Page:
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Written, Choreographed and Directed by Megan McClellan and Brian Soste

Part of the 2014 Out of the Loop Fringe Festival

Sossy Mechanics

WaterTower Theatre

Megan McClellan and Brian Sostek

Reviewed performance on Friday, March 7th, 2014

Reviewed Performance: 3/7/2014

Reviewed by Mary L. Clark, Associate Critic for John Garcia's THE COLUMN

A bare concrete floor, a white cyclorama as back wall, a trunk, some wooden boxes, and ninety minutes of pure, radiant, theatrical joy.

I could end the review right there but a bit more detail might be in order. Megan McClellan and Brian Sostek make up the team of Sossy Mechanics, hailing from Minneapolis. They are a trifecta duo – drama, comedy and dance – that together have been devising theatre and dance works since 2000. They’ve performed in their home state, from Seattle to New York City, in Canada, the UK and Europe. The lists of their performances and awards are both lengthy.

Their Out of the Loop Fringe Festival entry, Trick Boxing, delivers simply devised yet intricately presented art in the genres of vaudeville, films’ screwball comedy dance numbers, an old Bowery Boys movie and street theatre all wrapped into one glorious performance.

Out of the Loop’s press release describes the story best: “An immigrant apple-seller is bamboozled by hustlers, bookies, and a dance hall girl, into becoming a championship boxer in this 1930’s romantic comedy told through rapid-fire dialogue, high-energy dances, ridiculous puppetry, true love and, of course, boxing”.

That’s a nice, neat synopsis that doesn’t begin to extol how imaginative and marvelous this piece is. Brian Sostek is a physically athletic, compact actor and dancer, reminiscent of James Cagney, who plays eleven characters, including three puppets, using individual vocal accents and facial expressions to the point that his natural face and voice disappear into the characterizations. Each was so specifically stylized that one never lost who he was portraying, even if the shift was only for a moment. Megan McClellan said afterward that “muscle has memory”, and with each change, his face, body and voice simply must shift into that characterization, his work is that precise.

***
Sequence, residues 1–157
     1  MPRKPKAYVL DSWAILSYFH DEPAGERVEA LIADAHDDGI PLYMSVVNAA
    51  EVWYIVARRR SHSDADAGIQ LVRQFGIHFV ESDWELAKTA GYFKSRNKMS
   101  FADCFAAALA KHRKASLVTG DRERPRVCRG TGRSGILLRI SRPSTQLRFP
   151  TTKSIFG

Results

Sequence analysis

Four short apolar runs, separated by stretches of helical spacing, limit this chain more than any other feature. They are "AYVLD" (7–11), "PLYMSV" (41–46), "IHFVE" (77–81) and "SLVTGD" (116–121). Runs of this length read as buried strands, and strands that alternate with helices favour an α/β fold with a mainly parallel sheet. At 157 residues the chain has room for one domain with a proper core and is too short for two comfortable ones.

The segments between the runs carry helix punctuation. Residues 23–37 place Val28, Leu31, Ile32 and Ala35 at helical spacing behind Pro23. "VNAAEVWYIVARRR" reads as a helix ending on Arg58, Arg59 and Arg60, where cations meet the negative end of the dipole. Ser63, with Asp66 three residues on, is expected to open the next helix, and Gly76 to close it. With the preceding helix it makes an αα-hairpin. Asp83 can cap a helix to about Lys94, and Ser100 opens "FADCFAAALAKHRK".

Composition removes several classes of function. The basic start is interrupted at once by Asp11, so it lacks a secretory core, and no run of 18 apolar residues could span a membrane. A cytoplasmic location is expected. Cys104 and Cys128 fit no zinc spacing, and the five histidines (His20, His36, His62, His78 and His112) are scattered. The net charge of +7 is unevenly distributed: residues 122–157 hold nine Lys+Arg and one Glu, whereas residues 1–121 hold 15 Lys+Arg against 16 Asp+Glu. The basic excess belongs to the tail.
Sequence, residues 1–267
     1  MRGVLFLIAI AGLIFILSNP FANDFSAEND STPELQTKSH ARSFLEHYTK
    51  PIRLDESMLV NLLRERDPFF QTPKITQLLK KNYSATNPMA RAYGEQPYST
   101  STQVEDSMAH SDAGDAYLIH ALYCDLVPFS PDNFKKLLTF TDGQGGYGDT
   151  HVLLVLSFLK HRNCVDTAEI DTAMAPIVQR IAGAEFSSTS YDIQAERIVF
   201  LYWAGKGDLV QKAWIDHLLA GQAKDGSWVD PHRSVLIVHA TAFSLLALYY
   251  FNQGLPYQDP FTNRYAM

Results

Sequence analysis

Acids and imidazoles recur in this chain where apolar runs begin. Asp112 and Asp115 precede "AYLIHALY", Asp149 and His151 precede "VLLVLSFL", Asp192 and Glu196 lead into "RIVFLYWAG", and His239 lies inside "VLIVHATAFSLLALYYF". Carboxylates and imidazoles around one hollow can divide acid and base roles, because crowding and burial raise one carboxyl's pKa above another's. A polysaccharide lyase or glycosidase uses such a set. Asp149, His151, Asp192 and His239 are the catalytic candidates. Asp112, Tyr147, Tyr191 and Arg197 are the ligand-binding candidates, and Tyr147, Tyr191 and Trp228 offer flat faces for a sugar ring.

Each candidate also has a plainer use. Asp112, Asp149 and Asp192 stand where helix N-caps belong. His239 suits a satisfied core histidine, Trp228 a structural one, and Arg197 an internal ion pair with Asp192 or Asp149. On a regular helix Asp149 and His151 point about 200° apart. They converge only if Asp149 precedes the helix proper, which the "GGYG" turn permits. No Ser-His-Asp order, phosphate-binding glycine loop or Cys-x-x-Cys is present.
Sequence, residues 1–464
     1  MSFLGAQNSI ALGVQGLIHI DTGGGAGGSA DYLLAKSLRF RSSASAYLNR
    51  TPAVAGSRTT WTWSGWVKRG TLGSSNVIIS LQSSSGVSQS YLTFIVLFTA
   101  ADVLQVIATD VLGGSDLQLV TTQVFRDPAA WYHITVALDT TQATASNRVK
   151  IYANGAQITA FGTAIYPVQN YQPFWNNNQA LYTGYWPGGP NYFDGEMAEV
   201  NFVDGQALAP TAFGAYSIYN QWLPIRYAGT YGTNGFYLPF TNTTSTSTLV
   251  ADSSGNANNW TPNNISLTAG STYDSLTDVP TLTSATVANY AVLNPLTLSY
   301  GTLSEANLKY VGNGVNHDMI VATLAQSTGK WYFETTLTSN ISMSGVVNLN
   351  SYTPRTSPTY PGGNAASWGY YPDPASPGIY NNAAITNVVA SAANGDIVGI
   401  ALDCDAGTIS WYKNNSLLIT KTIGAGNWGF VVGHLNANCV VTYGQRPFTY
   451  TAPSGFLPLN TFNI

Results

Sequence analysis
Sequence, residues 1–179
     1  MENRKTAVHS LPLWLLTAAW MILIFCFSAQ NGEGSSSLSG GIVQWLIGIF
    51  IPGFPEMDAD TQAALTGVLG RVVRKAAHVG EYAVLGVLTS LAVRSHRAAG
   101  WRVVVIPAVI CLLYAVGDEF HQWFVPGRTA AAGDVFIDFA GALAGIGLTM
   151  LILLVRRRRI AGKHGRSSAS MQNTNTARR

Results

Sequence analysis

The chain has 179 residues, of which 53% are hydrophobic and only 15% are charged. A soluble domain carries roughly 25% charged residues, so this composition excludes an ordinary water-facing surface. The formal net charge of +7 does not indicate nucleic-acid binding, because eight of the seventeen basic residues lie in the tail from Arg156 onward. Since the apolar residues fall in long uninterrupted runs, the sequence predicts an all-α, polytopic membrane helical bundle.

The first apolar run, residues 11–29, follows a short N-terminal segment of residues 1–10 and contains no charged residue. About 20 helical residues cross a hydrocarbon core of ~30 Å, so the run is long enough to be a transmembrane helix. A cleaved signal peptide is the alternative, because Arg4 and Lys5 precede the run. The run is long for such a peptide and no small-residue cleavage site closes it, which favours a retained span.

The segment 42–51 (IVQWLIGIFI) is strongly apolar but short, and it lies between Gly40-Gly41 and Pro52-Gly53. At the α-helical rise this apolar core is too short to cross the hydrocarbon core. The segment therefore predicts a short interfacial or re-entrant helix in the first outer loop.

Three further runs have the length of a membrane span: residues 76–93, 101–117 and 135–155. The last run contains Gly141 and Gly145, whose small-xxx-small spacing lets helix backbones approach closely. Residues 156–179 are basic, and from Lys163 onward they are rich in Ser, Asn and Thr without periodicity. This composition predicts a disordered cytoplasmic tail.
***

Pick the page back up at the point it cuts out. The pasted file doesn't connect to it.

McClellan plays Bella, the dance hall girl whose brother was bent on being the next boxing champion. Using a hardcore demeanor and lower class dialect, her character becomes the story’s subplot instigator of change, the antithesis of the underhanded doings of the boxing environment, and the happy ending heroine. She makes Bella’s character both heart-wrenching and sublime.

Precise is an understatement when it comes to this couple’s acting and dance movement. Each gesture, turn or dance step is calculated or timed to the beat of the dance hall’s Big Band music like clockwork. McClellan’s statuesque body and balletic acuteness is divine, their tap dancing crisp, and their paired dance numbers surpass any seen on the ice during the Olympics. Their dance work is of a caliper only seen by the most veteran of musical theatre gypsies . . . . Actually, it’s better. If McClellan and Sostek stood onstage, reading the phone book – but then danced – I’d pay money.

The only unfortunate thing about Trick Boxing is it will be gone by the time of this review. The good news is that they want to return soon and are looking to find a venue in the DFW area. So if you are a devotee of theatre excellence, find them for now at, and hopefully back here again to mesmerize audiences with this or another of their works. Personally, I can’t wait.